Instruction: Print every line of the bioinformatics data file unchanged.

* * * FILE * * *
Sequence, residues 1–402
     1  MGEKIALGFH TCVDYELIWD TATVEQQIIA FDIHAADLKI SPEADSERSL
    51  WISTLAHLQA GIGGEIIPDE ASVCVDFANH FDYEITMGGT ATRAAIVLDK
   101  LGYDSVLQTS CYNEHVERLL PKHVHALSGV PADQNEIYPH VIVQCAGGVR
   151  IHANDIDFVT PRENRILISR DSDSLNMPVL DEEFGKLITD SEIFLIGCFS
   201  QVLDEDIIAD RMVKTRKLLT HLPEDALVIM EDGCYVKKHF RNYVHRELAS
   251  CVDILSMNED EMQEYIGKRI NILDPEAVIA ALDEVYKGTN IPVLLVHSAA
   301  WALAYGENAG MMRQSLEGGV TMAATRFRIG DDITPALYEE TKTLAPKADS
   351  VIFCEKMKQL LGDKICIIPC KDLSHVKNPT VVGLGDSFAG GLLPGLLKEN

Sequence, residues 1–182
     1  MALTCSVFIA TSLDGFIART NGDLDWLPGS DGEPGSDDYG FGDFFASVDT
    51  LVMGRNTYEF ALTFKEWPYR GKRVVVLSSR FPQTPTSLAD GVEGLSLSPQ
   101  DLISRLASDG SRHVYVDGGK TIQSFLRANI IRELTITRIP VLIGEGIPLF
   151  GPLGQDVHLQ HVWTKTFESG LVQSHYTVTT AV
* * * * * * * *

Sequence, residues 1–402
     1  MGEKIALGFH TCVDYELIWD TATVEQQIIA FDIHAADLKI SPEADSERSL
    51  WISTLAHLQA GIGGEIIPDE ASVCVDFANH FDYEITMGGT ATRAAIVLDK
   101  LGYDSVLQTS CYNEHVERLL PKHVHALSGV PADQNEIYPH VIVQCAGGVR
   151  IHANDIDFVT PRENRILISR DSDSLNMPVL DEEFGKLITD SEIFLIGCFS
   201  QVLDEDIIAD RMVKTRKLLT HLPEDALVIM EDGCYVKKHF RNYVHRELAS
   251  CVDILSMNED EMQEYIGKRI NILDPEAVIA ALDEVYKGTN IPVLLVHSAA
   301  WALAYGENAG MMRQSLEGGV TMAATRFRIG DDITPALYEE TKTLAPKADS
   351  VIFCEKMKQL LGDKICIIPC KDLSHVKNPT VVGLGDSFAG GLLPGLLKEN

Sequence, residues 1–182
     1  MALTCSVFIA TSLDGFIART NGDLDWLPGS DGEPGSDDYG FGDFFASVDT
    51  LVMGRNTYEF ALTFKEWPYR GKRVVVLSSR FPQTPTSLAD GVEGLSLSPQ
   101  DLISRLASDG SRHVYVDGGK TIQSFLRANI IRELTITRIP VLIGEGIPLF
   151  GPLGQDVHLQ HVWTKTFESG LVQSHYTVTT AV